Money Matters

Money Matters


I am going to buy a property soon. But I don’t want to wait for loan approval. Should I opt for a pre-approved loan? What are the pros and cons?

—Tanya Kapoor

The bank can offer a pre-approved home loan based on your income details. This has various advantages and disadvantages. The biggest disadvantage is that if the bank is not willing to fund the property, you may not be able to buy it. Second, the best interest rates and other terms are provided for ready disbursement cases. For details, refer to pre-approved property loan calculators at loan advisory websites.

I work with a cruise company on a contract basis. My contract is of 8-10 months. My salary is tax free and the only source of income in India. Can I get a home loan? If yes, then on what status: as a non-resident Indian (NRI) or an Indian citizen?

—Nilesh B.

If you have spent 8-10 months on a ship every year outside India for the last four years, then, as per the Income-tax Act, you need to apply for a home loan as an NRI. The only special requirement is that you will need to convince the lender that the income is likely to continue year after year despite your working on a contract. There are no other special NRI requirements as such for you to fulfil.

Life Insurance

I have just taken a life insurance policy. When will the risk cover commence?

—Abhishek Bharadwaj

Normally, a life insurance policy becomes valid on the date of acceptance of the policy or the date of receipt of the first premium in full, whichever is earlier. But if the acceptance of the proposal is conditional upon the proposer’s (person whose life is insured) compliance with any requirements, the cover will commence on the date on which all requirements are satisfactorily complied with after the receipt of the first premium in full.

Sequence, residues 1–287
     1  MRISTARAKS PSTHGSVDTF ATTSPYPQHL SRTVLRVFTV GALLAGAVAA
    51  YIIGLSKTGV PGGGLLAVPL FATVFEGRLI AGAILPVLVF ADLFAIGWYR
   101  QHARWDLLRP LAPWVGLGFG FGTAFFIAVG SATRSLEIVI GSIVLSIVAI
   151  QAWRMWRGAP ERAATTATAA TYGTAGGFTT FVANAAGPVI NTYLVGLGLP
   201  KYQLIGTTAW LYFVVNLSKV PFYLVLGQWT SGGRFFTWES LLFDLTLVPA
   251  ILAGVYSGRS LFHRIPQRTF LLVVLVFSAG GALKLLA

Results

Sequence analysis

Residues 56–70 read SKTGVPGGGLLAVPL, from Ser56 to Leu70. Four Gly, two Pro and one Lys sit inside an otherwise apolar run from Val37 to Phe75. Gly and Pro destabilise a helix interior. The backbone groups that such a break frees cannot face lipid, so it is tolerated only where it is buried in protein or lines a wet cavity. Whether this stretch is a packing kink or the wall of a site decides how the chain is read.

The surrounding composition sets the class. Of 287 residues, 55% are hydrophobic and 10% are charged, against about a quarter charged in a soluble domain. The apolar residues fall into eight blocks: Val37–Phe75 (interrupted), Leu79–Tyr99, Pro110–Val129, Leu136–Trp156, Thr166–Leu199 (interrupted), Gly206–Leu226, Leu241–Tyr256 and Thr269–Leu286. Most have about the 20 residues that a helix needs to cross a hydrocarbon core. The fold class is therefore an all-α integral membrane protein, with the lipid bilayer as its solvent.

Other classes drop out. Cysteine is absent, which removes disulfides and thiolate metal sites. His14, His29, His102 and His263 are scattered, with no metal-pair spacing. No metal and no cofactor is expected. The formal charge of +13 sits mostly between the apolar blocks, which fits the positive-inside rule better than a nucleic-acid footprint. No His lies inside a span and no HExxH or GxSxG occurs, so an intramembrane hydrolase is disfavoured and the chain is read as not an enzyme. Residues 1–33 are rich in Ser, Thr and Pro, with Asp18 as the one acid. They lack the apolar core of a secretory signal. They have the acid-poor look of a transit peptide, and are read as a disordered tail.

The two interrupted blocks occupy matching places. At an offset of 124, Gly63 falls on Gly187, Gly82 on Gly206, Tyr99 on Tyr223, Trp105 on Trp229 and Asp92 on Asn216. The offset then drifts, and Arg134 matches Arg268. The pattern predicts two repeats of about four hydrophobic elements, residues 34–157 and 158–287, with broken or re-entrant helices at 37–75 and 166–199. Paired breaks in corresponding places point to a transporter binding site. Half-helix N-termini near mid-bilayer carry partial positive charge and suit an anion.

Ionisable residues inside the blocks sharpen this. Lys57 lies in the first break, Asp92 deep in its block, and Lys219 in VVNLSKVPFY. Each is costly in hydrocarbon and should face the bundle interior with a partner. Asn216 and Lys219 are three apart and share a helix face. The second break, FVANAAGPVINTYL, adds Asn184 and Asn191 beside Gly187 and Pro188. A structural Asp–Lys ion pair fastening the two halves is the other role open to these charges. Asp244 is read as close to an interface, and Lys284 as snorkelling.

This means that even if you have made the payment for the first premium, the policy shall commence covering risk only after you have complied with the requirements to the satisfaction of the insurance company.

I am a 50-year-old salaried employee and want a life insurance for Rs7-8 lakh for 10 years. What’s the cheapest and best option for me?

—Vandana Gosain

If life insurance is the main consideration, you should go for a term insurance plan. The premium for these policies is equal to the mortality premium, which is quite cheap. For a sum assured of Rs8 lakh, if you don’t want the premium amount back, you will pay an annual premium of about Rs6,500.

If you opt for a policy for the same sum assured with return of premium at the end of the term, you pay around Rs10,000 or so, depending on the insurer you chose.

What potential factors should I bear in mind while investing in the growth options of units of a unit-linked insurance plan (Ulip)?

—Prashant Wadhwa

While choosing a growth plan, you must be aware that the investment in units is subject to market and other risks, and there is no assurance that the plans will achieve the objectives.

The scheme’s performance depends on equity and debt markets from time to time, and may be affected by changes in the interest rate levels. You must also note that past performance of the company’s other plans is not necessarily indicative of their future performance.

Normally, such plans don’t offer a guaranteed or assured return. All benefits payable under these are subject to tax laws and other financial enactments as they exist from time to time.

In case the unit value is inadequate for covering the insurers’ charges, the life cover under the policy terminates automatically.

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